Yes the sheet does add a lot of strength to the airframe. The completed model weighs 5.5 oz without battery. The sheet does add weight compared to a solite covered frame but I like the look a lot better. The 109 fuse cross section has flatish sides and bottom and a rounded top. I was able to sheet it with four pieces. The P-47 would be a bit harder to do. I think it could be done in six strips if you wet the wood to make the coumpond curves. I would use stringers only where the sheet butt joints are. I built the 109 fuse on a crutch like a Ryan warbird to keep everything straight while the sheet was applied. I wrapped a piece of elastic I snagged from my wifes sewing box around the fuse to hold the sheet on while the glue dried. The wing is also sheeted. I reduced the rib count to four and used a 1/16" sheet spar. The wing is held on with a couple of magnets. The model was brushed with 2 coats of thinned Deft lacquer then sprayed with the camo pattern. I built this reduced Ryan Bearcat and the 109 followed using a similar construction method. They are both sweet flying birds.
Glenn
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Old Nov 17, 2005, 11:21 PM
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Thanks glewis! That's the info I was looking for. Your planes look perfect...too nice to fly Did you have a build thread?

I'm sure with the sheeting it can handle a mishap much better then the stock build would. How well do thoes ailerons work outer there on the outer half of the wing.. How did you rig them up??

Thanks
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Old Nov 18, 2005, 09:52 AM
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Quote:
Originally Posted by Scudrunner77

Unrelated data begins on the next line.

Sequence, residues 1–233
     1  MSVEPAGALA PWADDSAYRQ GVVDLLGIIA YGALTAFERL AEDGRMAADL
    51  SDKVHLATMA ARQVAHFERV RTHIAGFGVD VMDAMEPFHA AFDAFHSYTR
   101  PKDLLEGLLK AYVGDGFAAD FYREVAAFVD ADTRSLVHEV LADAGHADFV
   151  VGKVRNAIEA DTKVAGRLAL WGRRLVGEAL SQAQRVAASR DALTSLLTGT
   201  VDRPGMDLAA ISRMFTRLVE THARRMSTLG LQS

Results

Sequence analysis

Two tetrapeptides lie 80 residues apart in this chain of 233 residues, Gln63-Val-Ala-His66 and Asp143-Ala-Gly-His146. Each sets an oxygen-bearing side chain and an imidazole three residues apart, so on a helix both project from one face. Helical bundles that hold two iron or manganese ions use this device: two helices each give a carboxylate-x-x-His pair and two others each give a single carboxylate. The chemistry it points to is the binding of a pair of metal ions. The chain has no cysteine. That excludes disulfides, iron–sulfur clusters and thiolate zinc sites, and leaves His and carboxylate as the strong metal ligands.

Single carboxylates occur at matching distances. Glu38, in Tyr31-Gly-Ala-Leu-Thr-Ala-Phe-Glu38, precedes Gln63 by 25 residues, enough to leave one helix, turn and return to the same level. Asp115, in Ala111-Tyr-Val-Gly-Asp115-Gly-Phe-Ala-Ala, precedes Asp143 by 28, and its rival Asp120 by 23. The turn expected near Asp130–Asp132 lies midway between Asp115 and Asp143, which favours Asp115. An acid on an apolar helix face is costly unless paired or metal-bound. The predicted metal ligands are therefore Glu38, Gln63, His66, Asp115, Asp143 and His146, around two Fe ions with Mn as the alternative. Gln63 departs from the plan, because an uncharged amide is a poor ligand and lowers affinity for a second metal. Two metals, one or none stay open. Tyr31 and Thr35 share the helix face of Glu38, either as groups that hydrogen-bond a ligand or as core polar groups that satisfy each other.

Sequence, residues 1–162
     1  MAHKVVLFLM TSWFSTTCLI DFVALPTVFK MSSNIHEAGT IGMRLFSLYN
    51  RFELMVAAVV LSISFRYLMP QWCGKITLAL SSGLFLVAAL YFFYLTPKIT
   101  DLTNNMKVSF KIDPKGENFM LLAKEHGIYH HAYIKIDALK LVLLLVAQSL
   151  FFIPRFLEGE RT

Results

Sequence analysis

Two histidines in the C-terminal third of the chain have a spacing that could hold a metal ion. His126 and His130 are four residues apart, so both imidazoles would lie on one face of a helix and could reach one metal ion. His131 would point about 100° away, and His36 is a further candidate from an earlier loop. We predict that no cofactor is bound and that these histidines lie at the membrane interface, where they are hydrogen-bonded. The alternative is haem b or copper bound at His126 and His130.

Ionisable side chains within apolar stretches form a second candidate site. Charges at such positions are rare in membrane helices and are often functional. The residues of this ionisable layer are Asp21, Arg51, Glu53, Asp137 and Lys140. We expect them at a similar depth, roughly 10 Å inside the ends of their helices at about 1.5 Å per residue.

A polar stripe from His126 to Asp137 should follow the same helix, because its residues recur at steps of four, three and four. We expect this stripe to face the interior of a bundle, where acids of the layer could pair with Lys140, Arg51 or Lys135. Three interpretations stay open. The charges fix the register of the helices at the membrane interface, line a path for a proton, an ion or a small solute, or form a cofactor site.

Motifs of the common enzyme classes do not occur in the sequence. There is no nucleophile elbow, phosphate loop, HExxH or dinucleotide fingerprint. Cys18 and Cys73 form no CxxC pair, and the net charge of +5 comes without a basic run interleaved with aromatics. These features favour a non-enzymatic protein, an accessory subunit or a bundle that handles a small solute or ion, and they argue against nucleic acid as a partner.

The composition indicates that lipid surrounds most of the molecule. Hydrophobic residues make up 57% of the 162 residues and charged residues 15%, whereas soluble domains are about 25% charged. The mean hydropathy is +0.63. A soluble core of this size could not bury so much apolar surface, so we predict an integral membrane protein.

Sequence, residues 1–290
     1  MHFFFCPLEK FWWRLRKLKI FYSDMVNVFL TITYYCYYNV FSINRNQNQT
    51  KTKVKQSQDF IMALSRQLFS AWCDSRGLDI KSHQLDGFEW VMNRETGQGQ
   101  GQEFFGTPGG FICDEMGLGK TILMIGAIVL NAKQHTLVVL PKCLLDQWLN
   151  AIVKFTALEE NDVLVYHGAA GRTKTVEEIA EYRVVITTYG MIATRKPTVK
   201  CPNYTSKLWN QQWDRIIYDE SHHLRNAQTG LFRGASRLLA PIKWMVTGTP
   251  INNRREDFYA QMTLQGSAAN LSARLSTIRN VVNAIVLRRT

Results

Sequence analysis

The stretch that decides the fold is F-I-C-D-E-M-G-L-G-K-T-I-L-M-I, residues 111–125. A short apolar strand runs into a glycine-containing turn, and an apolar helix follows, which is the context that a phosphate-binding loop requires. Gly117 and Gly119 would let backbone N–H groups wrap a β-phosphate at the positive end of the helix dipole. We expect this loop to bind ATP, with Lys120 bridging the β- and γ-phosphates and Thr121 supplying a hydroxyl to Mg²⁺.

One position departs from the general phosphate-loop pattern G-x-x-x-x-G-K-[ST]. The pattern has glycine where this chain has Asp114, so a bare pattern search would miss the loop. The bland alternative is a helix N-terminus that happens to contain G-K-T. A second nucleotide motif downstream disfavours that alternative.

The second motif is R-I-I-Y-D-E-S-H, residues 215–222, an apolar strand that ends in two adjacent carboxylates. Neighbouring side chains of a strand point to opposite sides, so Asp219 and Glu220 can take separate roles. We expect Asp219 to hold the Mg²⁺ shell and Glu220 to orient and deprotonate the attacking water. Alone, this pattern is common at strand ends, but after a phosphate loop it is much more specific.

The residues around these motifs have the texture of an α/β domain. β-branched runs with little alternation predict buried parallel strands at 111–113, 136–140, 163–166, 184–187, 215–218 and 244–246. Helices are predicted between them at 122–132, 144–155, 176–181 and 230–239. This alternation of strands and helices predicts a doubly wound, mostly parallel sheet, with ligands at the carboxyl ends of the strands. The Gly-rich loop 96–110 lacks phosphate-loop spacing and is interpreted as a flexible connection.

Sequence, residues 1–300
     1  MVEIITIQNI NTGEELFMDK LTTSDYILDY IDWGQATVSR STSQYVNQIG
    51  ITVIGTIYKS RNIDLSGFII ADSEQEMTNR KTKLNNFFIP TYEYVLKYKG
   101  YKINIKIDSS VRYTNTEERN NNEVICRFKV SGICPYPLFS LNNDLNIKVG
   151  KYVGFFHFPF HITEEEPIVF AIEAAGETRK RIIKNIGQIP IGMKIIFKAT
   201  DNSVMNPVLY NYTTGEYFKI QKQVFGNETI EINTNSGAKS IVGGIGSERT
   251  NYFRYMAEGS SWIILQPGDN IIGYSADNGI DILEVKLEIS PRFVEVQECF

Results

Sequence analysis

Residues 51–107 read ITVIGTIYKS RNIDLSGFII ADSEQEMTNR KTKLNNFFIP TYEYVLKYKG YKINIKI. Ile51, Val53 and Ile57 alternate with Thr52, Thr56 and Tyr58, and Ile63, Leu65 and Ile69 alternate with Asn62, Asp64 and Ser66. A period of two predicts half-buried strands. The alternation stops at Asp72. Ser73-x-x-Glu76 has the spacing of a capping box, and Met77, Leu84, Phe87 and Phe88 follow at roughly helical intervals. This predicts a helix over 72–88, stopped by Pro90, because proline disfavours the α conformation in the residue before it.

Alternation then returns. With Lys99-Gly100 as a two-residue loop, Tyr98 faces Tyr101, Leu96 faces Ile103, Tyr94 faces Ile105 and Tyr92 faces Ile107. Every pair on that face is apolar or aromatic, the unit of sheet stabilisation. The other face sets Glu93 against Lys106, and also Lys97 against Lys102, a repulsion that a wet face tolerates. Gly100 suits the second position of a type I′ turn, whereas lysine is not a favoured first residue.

Thanks glewis! That's the info I was looking for. Your planes look perfect...too nice to fly Did you have a build thread?

I'm sure with the sheeting it can handle a mishap much better then the stock build would. How well do thoes ailerons work outer there on the outer half of the wing.. How did you rig them up??

Thanks
Sorry no build thread. The Bearcat was the first model I have built using this method. The maiden flight went well until the landing. I was afraid a belly landing would damage the airframe and slowed her down too much on final. I spiraled her in from about 5" high. The wing deteched as the whole mess cartwheeled in the grass!. OOPS. The end of the walk-o-shame revealed no damage at all. I plugged the wing back on and tossed her back in the air. This process was repeated a few times until I quit trying to land at my feet ( our field has a lot of standing water) and got the hang of how much speed is needed on landing. I even overshot the landing zone and smacked her down on a sidewalk with the only damage being scuffed paint on the belly. This is one strong bird. The ailerons on the bearcat are very effective and rolling vertical climbs are my favorite. The 109's roll rate is not as good but it is not as twitchy as the F8. It also flys a bit slower and is easier to keep up with. It's a bit sluggish in the roll but looks scale to me. The F8 gets real small really fast at the speed she flys and needs about as mush space as a GWS warbird to fly in. Both models use torque rods to the ailerons with a single servo.

Glenn
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Old Nov 18, 2005, 10:21 AM
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Hamburg, Germany
Joined Dec 2004
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Quote:
Originally Posted by burgan
Looks absolutely fantastic !!!!!!!
Very cool, indeed!

Thanks for sharing,

Tobi
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Old Nov 18, 2005, 12:28 PM
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Dave K's Avatar
Sebastopol, Ca
Joined Jun 2004
699 Posts
To keep the Guillows planes light you need to scratch build it with nice light wood. I find I can scratch build very fast I do not think it take much longer than cutting the Guillows oak for strigers.

Dave